Microsoft Listens to Its Customers

I was on the Microsoft Website today looking for something and when I clicked on “Customers and Partners Experience”  I noticed that they had a section called “How Microsoft Listens and Responds to Customers”.  For those of you have are NPS certified or have even heard of NPS, you know that one of the main differences between it and just listening to your customers is the feedback loop and then reporting back on those results.

I was surprised to find that Microsoft had created a document detailing the ways that they listen to customers.  I read the right navigation bar link “How Microsoft Listens and Responds to Customers – Find out more about how we use feedback from our global satisfaction survey and other listening systems to improve customer experiences with our products and services.” and was very intrigued.  I immediately downloaded the 11 page document and began to read.

Throughout the document it states things such as:

“For example, customers have consistently told us that they need simple ways to navigate through our licensing program options. This feedback has led us to simplify how customers acquire and pay for their licenses. Over the past several years, we have consolidated the number of Microsoft Volume Licensing offerings from 108 to 26 and reduced the complexity of volume licensing agreements by 50 to 85 percent.

Other licensing program enhancements fueled by customer feedback include our customized Product Use Rights (PUR) tool, which allows customers to easily find the terms and conditions that apply to a particular Microsoft product as well as search for and select multiple products.”

Another example of Microsoft letting its customers know how they listened to them is the Microsoft Connect Website, also mentioned in the document.

The Microsoft Connect Website has more than 1.8 million registered users, averages over 1.3 million visits per month, and has delivered more than 9.4 million downloads of applications and documents. Virtually every major business group in the company has a presence on Microsoft Connect, with more than 2,200 programs—including betas, Technical Adoption Programs, and customer advisory councils—currently hosted on the site.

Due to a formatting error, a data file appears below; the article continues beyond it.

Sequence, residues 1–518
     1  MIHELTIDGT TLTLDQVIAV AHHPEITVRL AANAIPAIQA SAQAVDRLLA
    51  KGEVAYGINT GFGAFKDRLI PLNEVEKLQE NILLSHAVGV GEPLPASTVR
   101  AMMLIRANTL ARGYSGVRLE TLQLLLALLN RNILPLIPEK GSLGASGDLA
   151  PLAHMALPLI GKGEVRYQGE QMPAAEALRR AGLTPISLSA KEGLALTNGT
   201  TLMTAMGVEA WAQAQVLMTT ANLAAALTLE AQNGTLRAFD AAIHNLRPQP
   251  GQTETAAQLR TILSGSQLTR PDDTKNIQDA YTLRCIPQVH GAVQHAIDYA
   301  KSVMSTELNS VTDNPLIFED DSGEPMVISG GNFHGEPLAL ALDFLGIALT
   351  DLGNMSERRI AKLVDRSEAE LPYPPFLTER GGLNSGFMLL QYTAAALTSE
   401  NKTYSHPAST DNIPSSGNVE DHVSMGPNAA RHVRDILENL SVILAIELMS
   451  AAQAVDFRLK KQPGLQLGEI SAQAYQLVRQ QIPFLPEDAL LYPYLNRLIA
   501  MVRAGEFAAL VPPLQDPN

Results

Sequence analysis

“Connect is the first place I go if I want to submit feedback about a product or hear what other people are saying,” says Tom Ziegmann, a student at the University of Arizona and a Microsoft Certified Professional who regularly participates in several Connect programs, including beta testing of Windows 7, Office 2010, and Windows Home Server. “I can communicate directly with Microsoft developers and fellow beta testers around the world on Connect.”

How neat is that?  A college student is listened to by one of the largest companies in the world – globally ranked #117 on Fortune’s list of top companies.

If you do customer surveys or ask for opinions, do something about it.  There’s not much worse than being asked for your opinion and nothing happens with it.  Granted, not everyone’s opinion will have a direct action involved, but you can summarize results by saying that 74% of respondents said yes.  That way the few folks who said no, know that they were listened too and simply out numbered. Maybe it’ll force them to get more people involved 🙂

It’s always nice to be heard but when you’re listened to by a company, it makes for a larger impact.  If you’re a customer…speak up and give your opinion.  If you’re a company…listen and take action. The voice of the customer is a powerful tool and can be a competitive advantage.

When was the last time you were listened to?


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